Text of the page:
Co-author/project partner: @catjam
This post follows on @puniaviision’s initial post in December 2020 on how new Index Cooperative products should be proposed, scored, and moved along a multi-stage process for approval by the community:
With the benefit of hindsight and the experience of launching five products since the Coop’s inception, the Index Cooperative Product Team sought to improve upon the existing product prioritization rubric with a revised framework that:
is easy to understand and to communicate to Index Cooperative community members,
better quantifies the risk/reward of launching a new product, by incorporating lessons from past product launches, and
can be reliably utilized by any Product Working Group member to score a proposed Index Cooperative product.
Before jumping into the rubric, the construction was guided by the following high-level thinking:
- Benefits > Costs. The expected benefits of launching a product receive a higher score (70% weight) in the new rubric than the associated risks/costs/commitments (30% weight). We believe that financial, operational, and technical costs are important considerations but shouldn’t get in the way of an otherwise attractive product aligned with market needs. We believe that Set, Index Cooperative, and methodologist resources can be leveraged to cover those costs.
- Solving problems for customers is tantamount. The most important factor in scoring a product benefit (with a 60% share of the benefit score) is the “Market Opportunity” - the degree to which the product solves problems for many potential customers (i.e, product-market fit). Here we considered factors such as the level of pain posed by the problem, differentiation to existing products in the market, and the expected size of the current market.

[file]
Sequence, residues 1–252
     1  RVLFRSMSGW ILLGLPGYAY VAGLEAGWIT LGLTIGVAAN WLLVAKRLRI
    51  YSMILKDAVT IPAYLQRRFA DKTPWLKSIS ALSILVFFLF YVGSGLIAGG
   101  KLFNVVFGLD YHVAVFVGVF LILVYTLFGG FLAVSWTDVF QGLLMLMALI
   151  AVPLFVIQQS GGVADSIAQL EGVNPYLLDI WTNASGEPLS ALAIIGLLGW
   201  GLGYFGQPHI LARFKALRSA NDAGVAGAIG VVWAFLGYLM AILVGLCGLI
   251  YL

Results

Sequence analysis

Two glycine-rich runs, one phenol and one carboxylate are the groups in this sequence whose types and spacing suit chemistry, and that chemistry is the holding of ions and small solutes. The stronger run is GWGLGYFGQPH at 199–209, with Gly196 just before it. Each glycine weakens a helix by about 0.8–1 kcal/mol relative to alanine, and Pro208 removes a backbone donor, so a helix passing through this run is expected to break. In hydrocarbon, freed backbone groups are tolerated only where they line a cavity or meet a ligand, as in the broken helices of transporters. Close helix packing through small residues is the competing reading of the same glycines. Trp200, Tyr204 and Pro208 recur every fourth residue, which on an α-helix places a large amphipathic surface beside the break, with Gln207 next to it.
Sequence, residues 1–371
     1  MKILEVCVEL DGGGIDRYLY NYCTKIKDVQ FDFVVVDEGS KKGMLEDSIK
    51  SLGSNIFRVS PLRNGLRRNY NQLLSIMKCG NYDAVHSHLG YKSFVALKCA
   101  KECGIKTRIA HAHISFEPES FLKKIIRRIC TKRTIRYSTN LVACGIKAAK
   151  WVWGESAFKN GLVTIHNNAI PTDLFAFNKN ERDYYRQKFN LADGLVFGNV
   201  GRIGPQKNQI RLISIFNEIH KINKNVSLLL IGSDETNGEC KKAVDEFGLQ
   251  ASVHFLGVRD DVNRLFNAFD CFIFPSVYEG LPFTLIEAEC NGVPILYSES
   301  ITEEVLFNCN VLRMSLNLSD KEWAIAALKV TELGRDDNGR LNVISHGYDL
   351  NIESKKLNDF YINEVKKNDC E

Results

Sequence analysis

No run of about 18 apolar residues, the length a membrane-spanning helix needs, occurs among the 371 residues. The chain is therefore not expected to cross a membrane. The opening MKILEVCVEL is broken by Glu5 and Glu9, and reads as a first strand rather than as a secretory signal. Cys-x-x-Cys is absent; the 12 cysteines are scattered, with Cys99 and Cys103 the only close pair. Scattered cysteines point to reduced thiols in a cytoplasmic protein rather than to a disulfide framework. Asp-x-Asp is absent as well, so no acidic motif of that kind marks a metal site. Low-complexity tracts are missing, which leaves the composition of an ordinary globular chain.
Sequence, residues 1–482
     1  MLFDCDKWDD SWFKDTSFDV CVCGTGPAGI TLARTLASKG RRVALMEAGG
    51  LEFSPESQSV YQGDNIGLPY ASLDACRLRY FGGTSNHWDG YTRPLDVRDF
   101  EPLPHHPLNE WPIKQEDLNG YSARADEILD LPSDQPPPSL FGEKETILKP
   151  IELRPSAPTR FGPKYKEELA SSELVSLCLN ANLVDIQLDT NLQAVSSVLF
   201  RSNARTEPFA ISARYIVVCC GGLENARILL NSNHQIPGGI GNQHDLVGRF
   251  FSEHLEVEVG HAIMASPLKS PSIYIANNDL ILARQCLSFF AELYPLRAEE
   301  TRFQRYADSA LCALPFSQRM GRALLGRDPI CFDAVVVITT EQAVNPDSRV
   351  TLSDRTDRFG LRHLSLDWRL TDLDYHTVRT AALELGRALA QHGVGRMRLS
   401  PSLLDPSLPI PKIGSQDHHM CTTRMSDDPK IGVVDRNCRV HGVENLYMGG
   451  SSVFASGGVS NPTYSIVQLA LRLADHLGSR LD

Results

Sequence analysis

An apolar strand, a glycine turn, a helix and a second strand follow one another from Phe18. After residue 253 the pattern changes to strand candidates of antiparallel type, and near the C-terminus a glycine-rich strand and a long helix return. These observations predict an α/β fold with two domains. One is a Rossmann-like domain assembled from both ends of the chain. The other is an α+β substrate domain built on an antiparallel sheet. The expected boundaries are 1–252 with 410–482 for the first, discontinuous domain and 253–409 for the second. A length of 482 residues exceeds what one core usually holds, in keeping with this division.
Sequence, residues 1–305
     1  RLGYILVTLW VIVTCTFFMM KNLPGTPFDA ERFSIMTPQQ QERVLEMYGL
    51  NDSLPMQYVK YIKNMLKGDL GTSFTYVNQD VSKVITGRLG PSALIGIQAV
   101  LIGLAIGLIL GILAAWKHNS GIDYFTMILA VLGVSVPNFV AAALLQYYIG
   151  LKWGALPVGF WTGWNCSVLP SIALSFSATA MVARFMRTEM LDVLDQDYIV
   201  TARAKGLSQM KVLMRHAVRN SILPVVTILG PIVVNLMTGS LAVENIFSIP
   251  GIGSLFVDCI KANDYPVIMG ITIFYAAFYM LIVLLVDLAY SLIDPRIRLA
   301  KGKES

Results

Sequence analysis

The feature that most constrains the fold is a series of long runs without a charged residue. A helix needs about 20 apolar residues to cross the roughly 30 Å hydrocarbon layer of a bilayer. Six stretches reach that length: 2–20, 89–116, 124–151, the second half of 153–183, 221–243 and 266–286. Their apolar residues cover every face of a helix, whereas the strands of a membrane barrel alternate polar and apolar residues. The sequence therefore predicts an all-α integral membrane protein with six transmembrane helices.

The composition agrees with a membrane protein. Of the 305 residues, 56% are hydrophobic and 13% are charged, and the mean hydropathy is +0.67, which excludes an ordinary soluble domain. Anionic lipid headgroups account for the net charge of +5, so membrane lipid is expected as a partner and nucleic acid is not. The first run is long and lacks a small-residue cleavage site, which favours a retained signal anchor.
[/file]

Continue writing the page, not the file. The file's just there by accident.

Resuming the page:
- Differentiation is not a major factor (yet). The crypto ETP market is relatively nascent, so the fact a competing product exists should not dissuade us from launching an Index Cooperative version, though it remains a consideration. As a result, we collapsed the “Unique” factor from the old rubric into the “Market Opportunity” factor. We similarly collapsed “Marketing Benefit” from the prior rubric into the “Methodologist Impact” factor, believing that the press/market bump from a product should be a relatively smaller consideration next to the product’s ability to find product-market fit.
- Operational & Technical costs. On the cost front, operational and technical commitments were given higher weight than financial commitments because financial commitments are tougher to quantify beforehand (e.g., it’s hard to know before launching just how much liquidity mining incentives are needed and for how long). By comparison, we can point to products that were significantly more painful due to operational and technical issues.
- Removing “Risk” as a stand-alone factor. The overall goal of a prioritization spreadsheet is to evaluate the risk of launching a new product, so we feel this is well captured across the three cost factors.
- More balanced scoring continuum. All factors will now receive a 1-5 score (1=low, 5=high). This avoids a single faulty score (i.e., “Extreme” worth 16 points in old rubric) from having an outsized impact on the overall ranking. This was an issue with the previous framework and was the primary reason CGI scored higher than all other products.
- Start with a baseline of 1 point. Add an additional point for each of the following:
- Large Market. The product caters to a large market from a potential AUM standpoint. We used AUM rather than the # of users because a product (e.g., SYI) can appeal to a smaller # of users (i.e., DAO Treasuries in the case of SYI) while still meaningfully attracting AUM. Sizing and defining the expected market can admittedly be difficult and should come with context from the project team. A large market is likely not specific to a particular protocol (e.g., SNX stakers hedging sUSD exposure) and should be reflective of the current market (not a hoped-for future state).